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Tardieu-Laurent Chateaneuf du Pape Vieilles Vignes 2010

Rhone Red Blends from Chateauneuf-du-Pape, Rhone, France
  • WS96
  • RP92
14.5% ABV
  • RP93
  • WS91
  • WS94
  • RP94
  • W&S90
  • WS96
  • RP93
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14.5% ABV

Winemaker Notes

A wine with great potential. It is fine, elegant, yet powerful. Unfortunately the yields were tiny: quantities are very limited!

Blend: 85% Grenache, 10% Mourvedre, 5% Syrah

Critical Acclaim

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WS 96
Wine Spectator
This is a bit of a brute now, with roasted fig, espresso, mocha and ganache notes leading the way, but there's a terrific core of blackberry, plum and black currant fruit in reserve and a gorgeous graphite-filled finish that can easily wait for everything to assimilate fully. Captures the power and drive of the vintage wonderfully. Best from 2015 through 2030.
RP 92
Robert Parker's Wine Advocate
The 2010 Chateauneuf du Pape Vieilles Vignes possesses a dark ruby/plum color and a sweet nose of red and black fruits, underbrush, forest floor and garrigue. Full-bodied with lots of glycerin, this big, chewy Chateauneuf du Pape will drink well for 10-12 years.
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Tardieu-Laurent

Tardieu-Laurent

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Tardieu-Laurent, , France - Rhone
Tardieu-Laurent
Domaine Tardieu-Laurent was established in 1994. It is a partnership between Dominique Laurent, a former pattisier (and with the girth to go with it) and one of the hottest names in Burgundy, and Michel Tardieu, a dynamic young winemaker. Tardieu-Laurent is an extremely unusual operation in that they are a négociant only, buying young wines from growers all over the Rhône, which they mature and blend before bottling. They own no vineyards and don't buy grapes, only wine.

Tardieu-Laurent is very much an "artisan" producer, making between half a dozen and 20 or so barrels of each wine. The majority of the wines are from the southern Rhône although superb cuvees of Cote Rôtie and Hermitage are also produced. The wines are all aged in small oak casks (often 100% new) and bottled with no fining nor filtration. Michel Tardieu proclaims himself as a confirmed terroirist, insisting that his aim with each appellation is to express powerfully the fruit and sense of place, never masking these factors with wood.

Rheingau

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Practically one long and bucolic hillside along the northern bank of the Rhein River, the Rheingau stretches the entirety of the river’s east to west stretch from Hocheim to Rüdesheim.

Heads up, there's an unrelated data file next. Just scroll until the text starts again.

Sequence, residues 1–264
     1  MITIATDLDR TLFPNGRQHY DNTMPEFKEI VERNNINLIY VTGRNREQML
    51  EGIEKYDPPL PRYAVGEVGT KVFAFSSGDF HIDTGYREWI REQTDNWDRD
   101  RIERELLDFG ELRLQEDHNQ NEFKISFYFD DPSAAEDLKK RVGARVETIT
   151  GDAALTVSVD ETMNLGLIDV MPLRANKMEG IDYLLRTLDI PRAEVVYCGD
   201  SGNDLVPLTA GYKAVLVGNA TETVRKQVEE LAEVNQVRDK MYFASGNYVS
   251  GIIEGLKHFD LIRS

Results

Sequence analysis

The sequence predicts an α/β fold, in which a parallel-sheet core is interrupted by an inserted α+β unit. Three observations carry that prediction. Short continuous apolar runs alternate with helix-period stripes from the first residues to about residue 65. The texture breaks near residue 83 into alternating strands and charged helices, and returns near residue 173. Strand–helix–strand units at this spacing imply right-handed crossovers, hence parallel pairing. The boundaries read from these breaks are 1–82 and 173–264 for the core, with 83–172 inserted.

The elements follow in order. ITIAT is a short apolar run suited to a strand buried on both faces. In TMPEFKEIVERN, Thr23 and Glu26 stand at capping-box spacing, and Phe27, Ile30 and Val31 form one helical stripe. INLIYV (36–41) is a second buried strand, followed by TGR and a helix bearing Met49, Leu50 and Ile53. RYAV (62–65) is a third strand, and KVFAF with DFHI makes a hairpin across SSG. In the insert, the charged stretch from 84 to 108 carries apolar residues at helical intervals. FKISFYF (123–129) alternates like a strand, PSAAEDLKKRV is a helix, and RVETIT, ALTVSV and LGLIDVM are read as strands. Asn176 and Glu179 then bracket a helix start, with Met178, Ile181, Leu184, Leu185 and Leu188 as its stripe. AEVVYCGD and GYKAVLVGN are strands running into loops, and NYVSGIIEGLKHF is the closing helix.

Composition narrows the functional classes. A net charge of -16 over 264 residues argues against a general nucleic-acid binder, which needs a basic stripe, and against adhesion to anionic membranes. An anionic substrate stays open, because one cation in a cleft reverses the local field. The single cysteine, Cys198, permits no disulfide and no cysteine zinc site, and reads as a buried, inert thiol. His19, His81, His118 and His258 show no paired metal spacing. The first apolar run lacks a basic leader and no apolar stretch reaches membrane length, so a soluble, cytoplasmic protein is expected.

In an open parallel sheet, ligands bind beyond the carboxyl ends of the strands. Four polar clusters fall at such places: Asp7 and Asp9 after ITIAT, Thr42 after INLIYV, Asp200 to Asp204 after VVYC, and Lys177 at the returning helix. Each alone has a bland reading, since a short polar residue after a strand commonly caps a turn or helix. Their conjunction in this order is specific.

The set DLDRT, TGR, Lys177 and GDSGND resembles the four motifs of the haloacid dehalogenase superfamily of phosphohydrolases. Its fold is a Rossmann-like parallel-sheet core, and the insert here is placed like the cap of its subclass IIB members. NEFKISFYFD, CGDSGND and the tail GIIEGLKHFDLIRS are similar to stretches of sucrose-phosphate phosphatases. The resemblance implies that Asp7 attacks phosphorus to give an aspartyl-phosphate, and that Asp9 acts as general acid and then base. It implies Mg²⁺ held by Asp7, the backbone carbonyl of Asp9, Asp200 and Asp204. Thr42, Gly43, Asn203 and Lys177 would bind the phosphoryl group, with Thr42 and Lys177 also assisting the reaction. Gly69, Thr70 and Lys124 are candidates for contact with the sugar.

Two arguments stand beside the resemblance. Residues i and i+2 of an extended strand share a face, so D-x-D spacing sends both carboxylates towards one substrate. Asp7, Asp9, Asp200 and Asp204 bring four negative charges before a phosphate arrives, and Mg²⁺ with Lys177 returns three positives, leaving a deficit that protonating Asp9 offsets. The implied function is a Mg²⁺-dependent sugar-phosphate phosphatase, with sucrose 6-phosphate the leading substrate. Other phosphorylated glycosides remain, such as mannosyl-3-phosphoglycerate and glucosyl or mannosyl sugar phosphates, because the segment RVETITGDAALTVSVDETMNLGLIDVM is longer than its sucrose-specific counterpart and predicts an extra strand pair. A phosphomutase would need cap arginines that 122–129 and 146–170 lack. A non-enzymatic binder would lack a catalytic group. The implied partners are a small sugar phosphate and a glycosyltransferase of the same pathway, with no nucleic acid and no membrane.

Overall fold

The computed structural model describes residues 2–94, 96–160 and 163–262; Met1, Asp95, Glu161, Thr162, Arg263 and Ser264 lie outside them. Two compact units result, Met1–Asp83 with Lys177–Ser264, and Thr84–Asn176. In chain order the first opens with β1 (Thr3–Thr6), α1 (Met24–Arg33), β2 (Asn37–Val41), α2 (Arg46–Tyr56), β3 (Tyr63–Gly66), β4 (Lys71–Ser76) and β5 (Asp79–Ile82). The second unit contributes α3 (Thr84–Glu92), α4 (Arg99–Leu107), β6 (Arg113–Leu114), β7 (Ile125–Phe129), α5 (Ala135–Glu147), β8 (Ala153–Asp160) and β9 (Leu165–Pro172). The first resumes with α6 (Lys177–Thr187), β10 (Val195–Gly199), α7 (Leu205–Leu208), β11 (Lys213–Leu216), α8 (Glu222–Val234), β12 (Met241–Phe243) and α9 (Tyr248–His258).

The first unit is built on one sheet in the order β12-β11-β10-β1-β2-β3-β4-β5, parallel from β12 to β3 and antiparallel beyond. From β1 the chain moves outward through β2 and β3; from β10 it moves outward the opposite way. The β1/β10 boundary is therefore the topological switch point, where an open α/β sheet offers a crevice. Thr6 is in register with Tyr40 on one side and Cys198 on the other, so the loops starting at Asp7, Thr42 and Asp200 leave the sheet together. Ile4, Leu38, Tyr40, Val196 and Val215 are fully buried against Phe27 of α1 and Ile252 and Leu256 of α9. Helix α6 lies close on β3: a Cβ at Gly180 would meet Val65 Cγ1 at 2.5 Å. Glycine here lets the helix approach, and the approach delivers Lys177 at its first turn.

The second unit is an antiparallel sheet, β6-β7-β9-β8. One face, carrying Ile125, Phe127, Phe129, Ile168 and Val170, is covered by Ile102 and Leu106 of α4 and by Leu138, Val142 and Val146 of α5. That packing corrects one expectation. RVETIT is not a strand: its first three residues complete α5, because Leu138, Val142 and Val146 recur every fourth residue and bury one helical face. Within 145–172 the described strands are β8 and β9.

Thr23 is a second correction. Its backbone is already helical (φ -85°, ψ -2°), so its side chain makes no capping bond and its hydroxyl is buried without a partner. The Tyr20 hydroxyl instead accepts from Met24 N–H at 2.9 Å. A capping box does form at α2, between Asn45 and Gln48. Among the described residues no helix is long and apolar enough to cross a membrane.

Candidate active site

Variations in elevation, soil types, and proximity to the Rhine cause great diversity in Rheingau Rieslings. Some of the better Rieslings in warmer years come from the cooler and breezier sites at higher elevations. In cooler years, sites closer to the river may perform better. In the village of Rüdesheim, slopes are steep and soils are stony slate with quartzite; Rieslings are rich and spicy, intense in stone fruit and show depth and character with age. World class Rieslings come from farther east on the river through Geisenheim, Johannisberg, Winkel, Oestrich and past Erbach as well, where soils of loess, sand, and marl alternate. Long-living, floral-driven and mineral-rich Rieslings come from the best of these sites.

Rheingau growers became early activists in promoting the dry style of Riesling, low yields and the classification of top vineyards, or Erstes Gewächs (first growths). Proximity to the metropolitan markets of Mainz, Wiesbaden, and Frankfurt keeps Rheingau in high reputation. While dry wines are the style here, Rheingau isn’t short of some amazing Auslesen, Beerenauslesen, and Trockenbeerenauslesen.

Rheingau doesn’t mess with many other grapes—in fact 79% of its total area is dedicated to Riesling. But it produces some fine Pinot noir, especially concentrated in Assmannshausen, a bit farther west from Rüdesheim.

Riesling

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A regal variety of incredible purity and precision, Riesling possesses a remarkable ability to reflect the character of wherever it is grown while still maintaining easily identifiable typicity. This versatile grape can be just as enjoyable dry or sweet, young or old, still or sparkling, and can age longer than nearly any other white variety. Riesling is best known in Germany and Alsace, and is also of great importance in Austria. The variety has also been particularly successful in Australia’s Clare and Eden Valleys, New Zealand, Oregon, Washington, cooler regions of California, and the Finger Lakes in New York.

In the Glass

Riesling is low in alcohol, with high acidity, steely minerality, and stone fruit, spice, citrus, and floral notes. At its ripest it leans towards juicy peach and nectarine, and pineapple, while in cooler climes it is more redolent of meyer lemon, lime, and green apple. With age, Riesling can become truly revelatory, developing unique, complex aromatics, often with a hint of gasoline.

Perfect Pairings

Riesling is very versatile, enjoying the company of sweet-fleshed fish like sole, most Asian food, especially Thai and Vietnamese (bottlings with some residual sugar and low alcohol are the perfect companions for dishes with substantial spice), and freshly shucked oysters. Sweeter styles work well with fruit-based desserts.

Sommelier Secret

It can be difficult to discern the level of sweetness in a Riesling, and German labeling laws do not make things any easier. Look for the world “trocken” to indicate a dry wine, or “halbtrocken” or “feinherb” for off-dry. Some producers will include a helpful sweetness scale on the back label—happily, a growing trend.

YNG798725_2010 Item# 122335

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